There were no new, interesting monsters. In fact, the closest thing we got were the rubbish new Daleks. We had to put up with CGI thing hiding inside humans on at least three occasions, and the limits of the budget were evident in The Pandorica Opens when it turned out the Fucking Sycorax and the Fucking Weevils were in on the intergalactic plan to put the Doc away for good.
Still, Moffat handled the Autons and the Cybermen ten times better than RTD ever did - another subtle difference to the approach the two brought to the series.
And yet, funnily enough, it didn't really matter to me. The series felt fresh and fun. The Doctor seemed like, well, The Doctor. And Amy was breath of fresh air; a believable, volatile girl who didn't love her favourite Time Lord.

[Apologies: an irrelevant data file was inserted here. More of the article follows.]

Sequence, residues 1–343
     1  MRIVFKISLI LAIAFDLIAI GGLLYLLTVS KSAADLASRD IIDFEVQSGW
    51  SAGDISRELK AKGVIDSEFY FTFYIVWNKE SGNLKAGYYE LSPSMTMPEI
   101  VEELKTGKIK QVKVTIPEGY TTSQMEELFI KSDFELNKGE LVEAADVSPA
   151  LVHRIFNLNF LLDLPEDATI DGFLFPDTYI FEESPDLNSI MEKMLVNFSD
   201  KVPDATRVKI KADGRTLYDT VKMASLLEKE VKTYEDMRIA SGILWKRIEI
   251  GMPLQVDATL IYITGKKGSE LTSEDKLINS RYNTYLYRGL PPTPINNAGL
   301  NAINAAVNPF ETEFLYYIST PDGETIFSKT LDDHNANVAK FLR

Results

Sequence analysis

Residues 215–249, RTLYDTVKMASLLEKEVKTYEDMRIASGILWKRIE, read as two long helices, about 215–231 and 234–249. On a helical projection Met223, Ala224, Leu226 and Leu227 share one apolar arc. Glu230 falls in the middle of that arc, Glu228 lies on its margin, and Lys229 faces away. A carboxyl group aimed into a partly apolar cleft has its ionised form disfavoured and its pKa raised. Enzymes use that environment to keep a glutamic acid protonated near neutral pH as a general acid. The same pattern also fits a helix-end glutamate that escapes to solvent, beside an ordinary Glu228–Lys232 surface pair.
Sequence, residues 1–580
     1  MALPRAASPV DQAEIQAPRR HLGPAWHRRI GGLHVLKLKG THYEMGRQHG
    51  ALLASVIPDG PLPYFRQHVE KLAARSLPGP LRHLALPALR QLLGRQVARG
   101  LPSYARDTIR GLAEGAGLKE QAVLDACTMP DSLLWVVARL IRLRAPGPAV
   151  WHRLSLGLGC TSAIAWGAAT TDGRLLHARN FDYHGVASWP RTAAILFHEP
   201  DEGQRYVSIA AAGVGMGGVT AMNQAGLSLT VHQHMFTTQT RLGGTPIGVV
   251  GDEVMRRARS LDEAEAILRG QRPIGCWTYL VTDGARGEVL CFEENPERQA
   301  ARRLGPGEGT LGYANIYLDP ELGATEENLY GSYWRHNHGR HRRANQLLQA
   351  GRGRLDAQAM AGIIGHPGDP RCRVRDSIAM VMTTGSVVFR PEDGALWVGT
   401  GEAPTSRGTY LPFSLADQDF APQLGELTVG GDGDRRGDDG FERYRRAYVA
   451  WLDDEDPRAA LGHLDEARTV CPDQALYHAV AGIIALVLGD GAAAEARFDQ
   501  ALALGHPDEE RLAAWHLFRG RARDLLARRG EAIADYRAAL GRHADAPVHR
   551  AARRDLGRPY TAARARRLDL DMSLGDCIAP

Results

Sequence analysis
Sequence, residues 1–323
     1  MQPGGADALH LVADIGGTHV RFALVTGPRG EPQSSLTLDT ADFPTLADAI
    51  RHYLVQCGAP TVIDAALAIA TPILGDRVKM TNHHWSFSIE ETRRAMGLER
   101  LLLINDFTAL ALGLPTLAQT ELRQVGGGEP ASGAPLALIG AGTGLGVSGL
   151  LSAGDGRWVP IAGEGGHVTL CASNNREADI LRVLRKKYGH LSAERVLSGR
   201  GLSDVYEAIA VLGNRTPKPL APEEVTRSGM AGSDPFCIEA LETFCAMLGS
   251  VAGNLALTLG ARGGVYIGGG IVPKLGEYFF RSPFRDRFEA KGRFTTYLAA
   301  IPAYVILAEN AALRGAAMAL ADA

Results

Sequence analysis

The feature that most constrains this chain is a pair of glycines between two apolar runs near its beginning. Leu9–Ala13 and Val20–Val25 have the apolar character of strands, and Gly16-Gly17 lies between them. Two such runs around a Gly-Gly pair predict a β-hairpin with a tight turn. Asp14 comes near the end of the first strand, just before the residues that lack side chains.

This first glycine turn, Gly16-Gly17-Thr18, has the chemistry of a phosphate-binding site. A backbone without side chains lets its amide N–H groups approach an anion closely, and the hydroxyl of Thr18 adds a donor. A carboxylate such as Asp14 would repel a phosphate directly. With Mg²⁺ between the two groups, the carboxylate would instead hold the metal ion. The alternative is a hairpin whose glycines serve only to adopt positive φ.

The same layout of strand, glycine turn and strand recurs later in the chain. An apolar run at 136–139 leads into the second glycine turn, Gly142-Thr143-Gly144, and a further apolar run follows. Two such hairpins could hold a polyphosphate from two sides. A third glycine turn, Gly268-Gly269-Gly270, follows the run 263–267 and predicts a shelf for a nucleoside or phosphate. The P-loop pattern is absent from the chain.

She may have had a slightly less healthy obsession with him, but inter-personal angst was banished from the TARDIS forever - 'I'm not that clingy!' seemed like a great riposte to the years of Marf and Wose.
Arthur Darvill's Rory eventually eclipsed the 'emasculated male' cipher that's been the default setting for most recurring male characters in the new series to become a rounded companion in his own right.
And, always at the centre of it, was Matt Smith. It's interesting to note that most new Doctors come into the role praising Patrick Troughton, and Smith took it a step further.
Watch him running - it's a straight lift from the Second Doctor. And he's always doing something with his hands - First Doctor? There's a bit of Four, Five and Eight in there too by our reckoning.
Not that The Eleventh Doctor is a pastiche; Smith has brought something new to the role again, and emphatically made it his own. He's a perfect choice.